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Elizabeth Warren won’t give keynote at DNC

Elizabeth Warren spoke at the 2012 Massachusetts Democratic Convention in Springfield in June.

Aram Boghosian for The Boston Globe

Elizabeth Warren spoke at the 2012 Massachusetts Democratic Convention in Springfield in June.

Elizabeth Warren will not deliver the keynote speech at this year’s Democratic National Convention, but instead will speak immediately before Bill Clinton speaks on what party officials hope will be an energetic penultimate night.

Warren and Clinton will speak in prime time on Wednesday, Sept. 5, and form a one-two punch aimed at crystallizing the choice between President Obama and Republican Mitt Romney in the general election, the Obama campaign said.

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The Senate candidate will contrast the president’s economic plan with Romney’s and outline the impact it will have on middle-class families across the country.

“At the president’s side, ­Elizabeth Warren helped level the playing field for all Americans and put in place safeguards to ensure that everyone, from Wall Street to Main Street, play by the same set of rules,” said Stephanie Cutter, a deputy Obama campaign manager.

The convention chairman — Antonio Villaraigosa, mayor of Los Angeles — added in a statement that Warren “is a leader committed to rebuilding the economy from the middle class out, instead of focusing on the top-down economics of the past.”

Warren said in a statement that “it will be an honor” to share the stage with the former president.

“I grew up in a hard-
working family, in an America that was investing in kids like me,’’ she said. “President Obama is committed to making sure that America has a level playing field for all our families and to ensuring that every kid has the opportunity to make it. Mitt Romney and the Republicans want to go back to the same policies that broke this economy. It is time to move forward.”

The Globe reported this month that Warren was under consideration for the high-
profile keynote speech, traditionally delivered on Tuesday night.

She is in one of the most hotly contested US Senate races in the country, challenging ­Republican incumbent Scott Brown in Massachusetts. ­Warren has outraised all other congressional candidates in the country.

Obama used the keynote speech he delivered at the 2004 Democratic National Convention in Boston to vault into the national political consciousness.

The president has taken in recent months to emulating Warren’s pro-middle-class rhetoric, including adopting her theme that government has been a partner with entrepreneurs in building small businesses.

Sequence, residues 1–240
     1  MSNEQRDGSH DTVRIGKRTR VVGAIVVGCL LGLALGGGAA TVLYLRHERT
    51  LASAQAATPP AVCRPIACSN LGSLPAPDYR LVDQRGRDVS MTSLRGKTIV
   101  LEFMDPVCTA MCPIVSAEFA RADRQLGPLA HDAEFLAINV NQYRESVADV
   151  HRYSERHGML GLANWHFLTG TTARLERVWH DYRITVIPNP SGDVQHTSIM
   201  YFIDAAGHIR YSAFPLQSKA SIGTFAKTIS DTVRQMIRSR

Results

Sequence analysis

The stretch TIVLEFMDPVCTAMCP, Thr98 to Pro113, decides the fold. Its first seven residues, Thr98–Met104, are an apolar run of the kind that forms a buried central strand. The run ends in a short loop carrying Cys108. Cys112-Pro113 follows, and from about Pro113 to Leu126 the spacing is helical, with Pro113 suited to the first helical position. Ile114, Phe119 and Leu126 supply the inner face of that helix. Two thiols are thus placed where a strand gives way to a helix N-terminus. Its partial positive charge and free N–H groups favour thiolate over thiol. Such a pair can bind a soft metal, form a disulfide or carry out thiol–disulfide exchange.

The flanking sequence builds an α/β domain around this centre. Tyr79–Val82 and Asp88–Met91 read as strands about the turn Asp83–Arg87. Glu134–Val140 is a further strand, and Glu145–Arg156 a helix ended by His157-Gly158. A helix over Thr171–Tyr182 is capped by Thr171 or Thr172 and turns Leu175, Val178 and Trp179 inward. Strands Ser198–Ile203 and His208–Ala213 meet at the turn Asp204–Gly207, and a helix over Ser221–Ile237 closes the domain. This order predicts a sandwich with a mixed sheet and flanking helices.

Republicans have attacked the president’s recent “you didn’t build that” comment, prompting speculation that Warren might be bypassed for the keynote speech to avoid a rejuvenation of the issue in the Romney-Obama race. The Obama campaign insisted that Warren’s role was not a penalty for the president’s problems, noting that Obama continues to make the same argument and is running a television ad rebutting Republican criticism.

The Brown campaign saw it differently. Brown spokesman Colin Reed said in a statement that Warren was not given the keynote role because her “radical, anti-free-enterprise rhetoric is so far out of the mainstream.”

Warren used convention-style language last month, when she introduced the president at a fund-raiser in Boston.

“Mitt Romney tells us, in his own words, he believes corporations are people,’’ she said. “No, Mitt, corporations are not people. People have hearts. They have kids. They get jobs. They get sick. They love and they cry and they dance. They live and they die. Learn the difference.’’

After Warren finishes her convention remarks at the Time Warner Cable Arena in Charlotte, N.C., Clinton is slated to deliver a speech that culminates with the former president formally nominating Obama for a second term.

Obama and Vice President Joe Biden will speak back-to-back Sept. 6 at Bank of America Stadium, an open-air football stadium.

The campaign would not immediately reveal the identity of the keynote speaker, who, like Warren, will speak in an arena being used for two nights before the convention is moved to the football stadium. The convention will last three nights instead of the usual four, amid Democratic fund-raising problems. The party notes that the traditional first night will fall on Labor Day this year.

Glen Johnson can be reached at johnson@globe.com.
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